Hatred breeds hatred. We need kindness and understanding to breed kindness and understanding.

So what do we do about this growing problem??? Below I’ve shared a few links. The first is a website of an organization that advocates respect and the second is a video about the hidden signs of bullying and their disastrous potential effects.

I believe the more we educate ourselves and our kids, the more likely we are to see things turn around.

1 – This was a recommendation from one of our local school Principals: www.OperationRespect.org
Here is their Mission Statement:

Operation Respect is a non-profit education and advocacy organization dedicated to transforming schools, summer camps, and other youth-serving organizations into respectful, safe and compassionate climates of learning, free of bullying, ridicule and violence. Founded in 1999 by Peter Yarrow of Peter, Paul and Mary, and Dr. Charlotte Frank, McGraw-Hill Education senior advisor, we disseminate our own classroom-based curriculum, the “Don’t Laugh at Me,” program, free of charge to schools worldwide. Operation Respect’s inspiring music, SEL curricula, multicultural videos and highly-regarded professional training provide adults with the tools they need to help children express their feelings constructively, resolve conflict peacefully, celebrate diversity, and engage with each other in a spirit of caring, compassion and cooperation.

2 – Recently a video has been shared about the hidden signs of bullying and the violence it could lead to. The EVAN video on the Sandy Hook Promise YouTube channel has a strong message hidden within it. See if you can spot the signs before they are revealed.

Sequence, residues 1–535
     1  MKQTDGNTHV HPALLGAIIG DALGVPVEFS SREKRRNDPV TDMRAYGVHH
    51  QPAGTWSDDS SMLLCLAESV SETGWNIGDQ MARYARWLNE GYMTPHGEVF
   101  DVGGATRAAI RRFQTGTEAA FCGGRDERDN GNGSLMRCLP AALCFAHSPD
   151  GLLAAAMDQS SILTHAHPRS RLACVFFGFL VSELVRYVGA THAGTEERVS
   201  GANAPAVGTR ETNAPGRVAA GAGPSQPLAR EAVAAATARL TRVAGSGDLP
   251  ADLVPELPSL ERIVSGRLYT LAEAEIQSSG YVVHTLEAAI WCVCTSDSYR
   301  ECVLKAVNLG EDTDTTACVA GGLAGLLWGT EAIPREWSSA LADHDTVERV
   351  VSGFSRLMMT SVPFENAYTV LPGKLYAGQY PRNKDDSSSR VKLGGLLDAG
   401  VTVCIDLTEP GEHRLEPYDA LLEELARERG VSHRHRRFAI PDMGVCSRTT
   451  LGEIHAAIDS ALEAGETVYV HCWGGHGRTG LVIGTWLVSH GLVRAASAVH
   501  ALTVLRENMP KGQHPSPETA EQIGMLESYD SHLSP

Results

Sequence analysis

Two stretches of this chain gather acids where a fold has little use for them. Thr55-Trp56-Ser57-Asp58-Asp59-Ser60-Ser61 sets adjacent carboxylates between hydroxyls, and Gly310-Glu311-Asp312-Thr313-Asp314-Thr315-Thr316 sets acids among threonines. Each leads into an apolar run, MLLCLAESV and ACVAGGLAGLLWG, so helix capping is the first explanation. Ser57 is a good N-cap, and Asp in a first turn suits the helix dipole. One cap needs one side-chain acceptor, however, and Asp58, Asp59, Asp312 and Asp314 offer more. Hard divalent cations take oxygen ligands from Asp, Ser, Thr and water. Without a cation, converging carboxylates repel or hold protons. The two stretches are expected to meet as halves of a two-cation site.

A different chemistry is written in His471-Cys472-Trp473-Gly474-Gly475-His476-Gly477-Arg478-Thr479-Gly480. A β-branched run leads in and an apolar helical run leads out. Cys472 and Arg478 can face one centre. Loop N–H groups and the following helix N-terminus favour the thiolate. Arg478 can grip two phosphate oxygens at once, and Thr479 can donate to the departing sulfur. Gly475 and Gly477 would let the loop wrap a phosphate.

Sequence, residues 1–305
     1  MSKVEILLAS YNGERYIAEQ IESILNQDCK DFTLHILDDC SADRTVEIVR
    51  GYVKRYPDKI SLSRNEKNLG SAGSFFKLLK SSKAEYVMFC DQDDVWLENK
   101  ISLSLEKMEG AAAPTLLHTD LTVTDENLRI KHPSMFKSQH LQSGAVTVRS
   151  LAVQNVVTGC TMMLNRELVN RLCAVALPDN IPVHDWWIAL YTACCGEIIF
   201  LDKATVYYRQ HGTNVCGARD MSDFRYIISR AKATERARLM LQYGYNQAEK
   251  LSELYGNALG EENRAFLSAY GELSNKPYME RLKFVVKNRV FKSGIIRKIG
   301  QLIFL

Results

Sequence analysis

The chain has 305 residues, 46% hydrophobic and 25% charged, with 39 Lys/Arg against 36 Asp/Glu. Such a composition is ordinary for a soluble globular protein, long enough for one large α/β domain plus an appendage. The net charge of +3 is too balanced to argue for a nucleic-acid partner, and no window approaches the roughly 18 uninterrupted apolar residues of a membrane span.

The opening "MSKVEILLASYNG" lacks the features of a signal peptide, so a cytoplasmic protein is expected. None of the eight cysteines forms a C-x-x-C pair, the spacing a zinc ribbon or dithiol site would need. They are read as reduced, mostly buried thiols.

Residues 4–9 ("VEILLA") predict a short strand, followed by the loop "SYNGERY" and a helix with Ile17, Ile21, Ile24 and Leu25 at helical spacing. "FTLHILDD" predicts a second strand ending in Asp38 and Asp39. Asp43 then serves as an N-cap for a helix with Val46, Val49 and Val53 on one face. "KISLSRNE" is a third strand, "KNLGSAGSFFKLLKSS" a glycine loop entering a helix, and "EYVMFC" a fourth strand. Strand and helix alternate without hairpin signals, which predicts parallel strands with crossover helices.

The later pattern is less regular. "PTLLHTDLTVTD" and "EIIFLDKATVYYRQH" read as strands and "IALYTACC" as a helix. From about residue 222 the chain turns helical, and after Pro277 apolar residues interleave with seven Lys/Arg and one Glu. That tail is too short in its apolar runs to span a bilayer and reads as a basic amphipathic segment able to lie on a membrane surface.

Finally, I would like to share some direct resources about bullying for the four school districts that are the heart and focus of The ZIPPER JUNCTION Project™. Although these are specific policy examples for schools districts within Northeastern Pennsylvania, the ideas contained could very well be for any school district. I urge parents to look into the resources within their own school districts to see if these types of policies are in place and question administrators if they are not.

Wallenpaupack Area School District
To access some policy items related to the term “Bullying” on the Wallenpaupack Area School District website:
1 – Click and follow this
2 – Click on the third Tab labeled “Policies”
3 – Enter the Policy number you wish to view
Policy 247 – Hazing
Policy 249 – Bullying/Cyber-bullying
Policy 815 – Acceptable Use of Internet/Network Policy
Policy 819 – Suicide Awareness, Prevention, and Response
There are some great resources related to this topic on the Wallenpaupack Area North Primary School website as well. Click and follow this LINK to view these items.

Wayne Highlands School District
To access some policy items related to the term “Bullying” on the Wayne Highlands School District website simply follow the links below:
Policy 247 – Hazing
Policy 249 – Bullying/Cyber-bullying
Policy 815 – Acceptable Use of Internet/Network Policy
Policy 819 – Suicide Awareness, Prevention, and Response

Western Wayne School District
To access some policy items related to the term “Bullying” on the Western Wayne School District website:
1 – Click and follow this LINK
2 – Click on the third Tab labeled “Policies”
3 – Enter the Policy number you wish to view
4 – Or simply follow the links below for Policy 819
Policy 247 – Hazing
Policy 249 – Bullying/Cyberbullying
Policy 815 – Acceptable Use of Internet, Computers, and Network Resources
Policy 819 – Suicide Awareness, Prevention, and Response
Policy 819 – Suicide Awareness, Prevention, and Response – Attachment

Delaware Valley School District
To access some policy items related to the term “Bullying” on the Delaware Valley School District website:
1 – Click and follow this LINK
2 – Enter the Policy number you wish to view
Policy 247 – Hazing
Policy 249 – Bullying/Cyber-bullying
Policy 815 – Acceptable Use of the Communications and Information Systems
Policy 823 – Suicide Awareness, Prevention, and Response

Finally – DO NOT STAND FOR BULLYING!

If you see it, call it out for what it is, you may save a life.